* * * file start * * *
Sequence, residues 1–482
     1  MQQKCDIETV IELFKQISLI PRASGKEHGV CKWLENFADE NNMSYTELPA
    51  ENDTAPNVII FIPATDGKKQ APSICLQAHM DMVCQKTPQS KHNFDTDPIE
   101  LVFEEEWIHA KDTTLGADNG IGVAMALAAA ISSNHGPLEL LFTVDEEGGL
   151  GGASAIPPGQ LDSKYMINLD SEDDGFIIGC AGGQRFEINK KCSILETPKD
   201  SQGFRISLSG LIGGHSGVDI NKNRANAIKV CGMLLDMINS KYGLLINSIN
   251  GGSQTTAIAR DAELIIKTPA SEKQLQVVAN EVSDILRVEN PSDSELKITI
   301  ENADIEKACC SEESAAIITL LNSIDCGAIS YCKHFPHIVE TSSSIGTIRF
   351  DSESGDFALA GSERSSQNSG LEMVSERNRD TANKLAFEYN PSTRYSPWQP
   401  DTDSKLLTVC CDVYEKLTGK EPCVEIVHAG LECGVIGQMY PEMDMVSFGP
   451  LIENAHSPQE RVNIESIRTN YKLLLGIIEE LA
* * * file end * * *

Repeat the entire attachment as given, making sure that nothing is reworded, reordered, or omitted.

Sequence, residues 1–482
     1  MQQKCDIETV IELFKQISLI PRASGKEHGV CKWLENFADE NNMSYTELPA
    51  ENDTAPNVII FIPATDGKKQ APSICLQAHM DMVCQKTPQS KHNFDTDPIE
   101  LVFEEEWIHA KDTTLGADNG IGVAMALAAA ISSNHGPLEL LFTVDEEGGL
   151  GGASAIPPGQ LDSKYMINLD SEDDGFIIGC AGGQRFEINK KCSILETPKD
   201  SQGFRISLSG LIGGHSGVDI NKNRANAIKV CGMLLDMINS KYGLLINSIN
   251  GGSQTTAIAR DAELIIKTPA SEKQLQVVAN EVSDILRVEN PSDSELKITI
   301  ENADIEKACC SEESAAIITL LNSIDCGAIS YCKHFPHIVE TSSSIGTIRF
   351  DSESGDFALA GSERSSQNSG LEMVSERNRD TANKLAFEYN PSTRYSPWQP
   401  DTDSKLLTVC CDVYEKLTGK EPCVEIVHAG LECGVIGQMY PEMDMVSFGP
   451  LIENAHSPQE RVNIESIRTN YKLLLGIIEE LA